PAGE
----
Banksy Boxes  LbNA # 62776

Placed DateAug 5 2012
LocationWauwatosa Cemetery, Wauwatosa, WI
Found By Guinea Pigs
Last Found Jul 20 2016
Hike Distance?
Last EditedOct 26 2015

Banksy Boxes in the Wauwatosa Cemetery
7725 W. North Ave

About Banksy
Banksy is the name used by an “unknown” England-based graffiti artist, political activist, film director, and painter. His satirical street art and subversive epigrams combine dark humor with graffiti done in a distinctive stenciling technique. Such artistic works of political and social commentary have been featured on streets, walls, and bridges of cities throughout the world. Banksy goes by a pseudonym because his art is technically considered graffiti and vandalism by the Government. Banksy displays his art on public surfaces such as walls, even going as far as to build physical prop pieces.

The Wauwatosa cemetery was founded in 1841 by pioneer settler Charles Hart. It is the oldest cemetery in Wauwatosa. In 1866 the cemetery was relocated to its current location after the original site was determined to be too small. The old cemetery was located south of the current Wauwatosa Cemetery near the River. The main cemetery burials are from 1822 to 1999. The cemetery currently houses approximately 6,000 graves and additional grave sites are still available.

Enter the Cemetery off of North Avenue. You will be entering the cemetery in the middle of the block onto Zemke Lane. This cemetery road borders the middle school parking lot. You can park easily on one of the small paths that run through the cemetery.
Find the structure located off of Zemke Lane. This was Wauwatosa's First Baptist Church was built in 1852 by Rev. Enoch Underwood. The church originally stood on the corner of North and Wauwatosa Avenues. In 1888, Underwood's son, Frederick, purchased the building and converted it into an armory for the Wisconsin Light Guard. In 1914, the church was relocated to the Wauwatosa Cemetery and dedicated to, the Reverend and Mrs. Enoch Underwood and the Reverend and Mrs. Luther Clapp.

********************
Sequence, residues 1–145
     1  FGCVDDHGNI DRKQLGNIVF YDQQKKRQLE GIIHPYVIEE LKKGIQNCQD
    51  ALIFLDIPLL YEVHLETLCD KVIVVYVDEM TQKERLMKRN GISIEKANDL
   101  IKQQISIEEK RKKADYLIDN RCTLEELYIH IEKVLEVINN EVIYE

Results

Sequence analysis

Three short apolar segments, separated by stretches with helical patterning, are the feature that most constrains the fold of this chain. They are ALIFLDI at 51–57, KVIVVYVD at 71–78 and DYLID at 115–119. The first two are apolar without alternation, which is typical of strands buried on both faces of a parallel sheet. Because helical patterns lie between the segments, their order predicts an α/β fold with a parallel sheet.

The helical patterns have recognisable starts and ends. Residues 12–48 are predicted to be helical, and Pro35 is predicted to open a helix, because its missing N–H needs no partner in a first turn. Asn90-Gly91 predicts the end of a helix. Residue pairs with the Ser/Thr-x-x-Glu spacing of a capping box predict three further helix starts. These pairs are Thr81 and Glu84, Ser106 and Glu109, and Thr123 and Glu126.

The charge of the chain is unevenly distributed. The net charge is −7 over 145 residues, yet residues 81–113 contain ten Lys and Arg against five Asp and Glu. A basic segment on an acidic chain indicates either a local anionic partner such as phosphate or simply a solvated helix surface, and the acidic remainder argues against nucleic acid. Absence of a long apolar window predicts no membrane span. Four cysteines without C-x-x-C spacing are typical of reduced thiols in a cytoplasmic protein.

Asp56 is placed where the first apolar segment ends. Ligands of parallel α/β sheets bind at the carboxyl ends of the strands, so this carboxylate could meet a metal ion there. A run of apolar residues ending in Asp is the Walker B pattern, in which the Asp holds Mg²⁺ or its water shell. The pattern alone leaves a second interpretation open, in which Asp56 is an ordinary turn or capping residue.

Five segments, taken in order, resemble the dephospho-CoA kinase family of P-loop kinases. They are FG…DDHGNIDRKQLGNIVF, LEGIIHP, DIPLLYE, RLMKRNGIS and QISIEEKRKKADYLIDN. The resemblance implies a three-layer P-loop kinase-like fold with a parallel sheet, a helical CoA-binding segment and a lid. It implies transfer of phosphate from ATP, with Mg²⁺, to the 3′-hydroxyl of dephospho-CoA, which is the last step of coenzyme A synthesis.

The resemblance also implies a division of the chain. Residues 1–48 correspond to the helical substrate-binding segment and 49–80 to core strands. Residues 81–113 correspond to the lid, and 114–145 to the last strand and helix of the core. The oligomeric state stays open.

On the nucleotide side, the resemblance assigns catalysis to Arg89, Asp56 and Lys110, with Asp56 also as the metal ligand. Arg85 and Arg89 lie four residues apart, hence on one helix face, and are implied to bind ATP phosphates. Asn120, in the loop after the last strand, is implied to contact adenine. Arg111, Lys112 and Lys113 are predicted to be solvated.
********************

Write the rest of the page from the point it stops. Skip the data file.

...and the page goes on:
Follow Zemke Lane’s asphalt path west as it curves onto Memorial Drive. Walk through the path lined by memorial trees. Stop at 8th tree on your right. The first letter of the last name of the person that this tree was dedicated to is ___.
Continue through the trees on Memorial Drive until the trees end. On your left you will see a metal plot marker reading Sec 10. Standing at the marker look for the tree shaped like the letter you wrote down in the previous clue.
The first Banksy Box is at the base of this tree.

Return to the asphalt path and follow it uphill until you reach a fork in the path. Continue on the path between Sec. 7 & 11. Stop between these two section markers and walk 43 paces until, on your right side, you see “Moss growing on a rolling stone”. Behind this “stone” locate the next white “flat stone”.
The second Banksy Box is located under this stone.

Walk north across the grass towards the structure you started at. Stop when you reach the asphalt path again.
Once you reach the asphalt path make a left and walk a short distance along the asphalt path until you see two large headstones on your right side, both headstones bare family names that contain 4 letters.
Walk between these two large stones through the grass until you see an old, small stone staircase to your left. Walk to the bottom of the staircase and turn left. Take several strides forward along the stone wall until you see four members of the “Gilbert” family pointing you to a break in the stone wall where the third Banksy Box is hidden.